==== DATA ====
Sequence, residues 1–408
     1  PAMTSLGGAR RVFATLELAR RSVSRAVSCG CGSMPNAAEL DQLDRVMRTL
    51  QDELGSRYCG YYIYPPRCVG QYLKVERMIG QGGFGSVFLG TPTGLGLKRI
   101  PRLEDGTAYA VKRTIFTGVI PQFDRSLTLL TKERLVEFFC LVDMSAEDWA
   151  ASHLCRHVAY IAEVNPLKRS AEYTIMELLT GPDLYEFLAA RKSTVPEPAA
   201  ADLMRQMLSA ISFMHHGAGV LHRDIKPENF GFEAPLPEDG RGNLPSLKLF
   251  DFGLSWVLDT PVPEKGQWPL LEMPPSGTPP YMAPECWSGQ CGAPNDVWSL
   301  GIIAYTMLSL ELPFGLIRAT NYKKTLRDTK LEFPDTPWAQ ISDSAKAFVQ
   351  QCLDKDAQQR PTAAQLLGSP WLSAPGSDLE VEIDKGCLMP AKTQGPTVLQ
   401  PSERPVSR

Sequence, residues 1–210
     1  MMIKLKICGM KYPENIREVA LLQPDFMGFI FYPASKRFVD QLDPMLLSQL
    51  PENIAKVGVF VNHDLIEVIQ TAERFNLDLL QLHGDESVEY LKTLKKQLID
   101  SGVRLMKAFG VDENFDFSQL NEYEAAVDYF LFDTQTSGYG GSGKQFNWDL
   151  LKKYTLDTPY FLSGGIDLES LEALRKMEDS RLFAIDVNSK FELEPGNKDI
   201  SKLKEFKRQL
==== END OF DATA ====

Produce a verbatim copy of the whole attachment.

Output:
Sequence, residues 1–408
     1  PAMTSLGGAR RVFATLELAR RSVSRAVSCG CGSMPNAAEL DQLDRVMRTL
    51  QDELGSRYCG YYIYPPRCVG QYLKVERMIG QGGFGSVFLG TPTGLGLKRI
   101  PRLEDGTAYA VKRTIFTGVI PQFDRSLTLL TKERLVEFFC LVDMSAEDWA
   151  ASHLCRHVAY IAEVNPLKRS AEYTIMELLT GPDLYEFLAA RKSTVPEPAA
   201  ADLMRQMLSA ISFMHHGAGV LHRDIKPENF GFEAPLPEDG RGNLPSLKLF
   251  DFGLSWVLDT PVPEKGQWPL LEMPPSGTPP YMAPECWSGQ CGAPNDVWSL
   301  GIIAYTMLSL ELPFGLIRAT NYKKTLRDTK LEFPDTPWAQ ISDSAKAFVQ
   351  QCLDKDAQQR PTAAQLLGSP WLSAPGSDLE VEIDKGCLMP AKTQGPTVLQ
   401  PSERPVSR

Sequence, residues 1–210
     1  MMIKLKICGM KYPENIREVA LLQPDFMGFI FYPASKRFVD QLDPMLLSQL
    51  PENIAKVGVF VNHDLIEVIQ TAERFNLDLL QLHGDESVEY LKTLKKQLID
   101  SGVRLMKAFG VDENFDFSQL NEYEAAVDYF LFDTQTSGYG GSGKQFNWDL
   151  LKKYTLDTPY FLSGGIDLES LEALRKMEDS RLFAIDVNSK FELEPGNKDI
   201  SKLKEFKRQL